Being fired is an emotional experience, especially when the motive doesn’t make sense. All employees in California have rights, including fair wages, adequate breaks, a safe workplace, the right to take action and fair dismissal. If you were fired under unclear circumstances, your rights might have been violated.
Unfortunately, some employees find it challenging to spot wrongful termination. As a result, they don’t take the required steps to protect their rights. Knowing more about wrongful termination can help you can act accordingly sooner.
Termination after challenging an employer
If you were fired after reporting an issue, standing up for your rights or supporting an employee who was being discriminated against, you may have been dismissed unfairly. You should also be concerned if you are fired after saying you have different religious beliefs that differ from those of your manager or other senior personnel, possibly during a meeting.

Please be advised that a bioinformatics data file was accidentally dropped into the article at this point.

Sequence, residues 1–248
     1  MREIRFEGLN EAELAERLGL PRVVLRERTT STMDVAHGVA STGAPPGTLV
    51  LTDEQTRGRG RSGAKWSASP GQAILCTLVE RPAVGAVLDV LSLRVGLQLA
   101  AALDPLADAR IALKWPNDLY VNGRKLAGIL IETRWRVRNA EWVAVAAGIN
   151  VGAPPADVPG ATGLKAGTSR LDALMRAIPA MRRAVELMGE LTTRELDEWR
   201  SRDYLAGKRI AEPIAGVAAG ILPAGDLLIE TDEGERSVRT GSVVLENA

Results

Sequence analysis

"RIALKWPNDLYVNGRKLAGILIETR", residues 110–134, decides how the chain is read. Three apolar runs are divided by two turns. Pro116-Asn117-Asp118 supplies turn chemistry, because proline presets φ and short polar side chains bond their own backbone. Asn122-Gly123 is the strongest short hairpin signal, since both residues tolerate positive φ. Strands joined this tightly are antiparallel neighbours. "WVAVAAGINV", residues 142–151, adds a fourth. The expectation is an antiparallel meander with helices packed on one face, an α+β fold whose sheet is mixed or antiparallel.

California has laws that prohibit retaliation and discrimination by employers. However, your employer can fire you if you violate your employment contract. Common reasons include persistent incompetence, lack of productivity, absenteeism, theft or dishonesty and insubordination. Nonetheless, the labor laws against retaliation also protect at-will employees.
Breach of contract
Employment contracts protect both employees and employers. If the employer didn’t provide you with a written notice within the agreed period or they dismissed you for a reason not included in the contract, you may have a wrongful termination claim. Thus, it’s important to reread your contract if you’ve been terminated.
Wrongful termination is a violation of an employee’s rights. Workers need to understand employment law issues to know when they are treated unfairly. Having sound legal guidance can also help.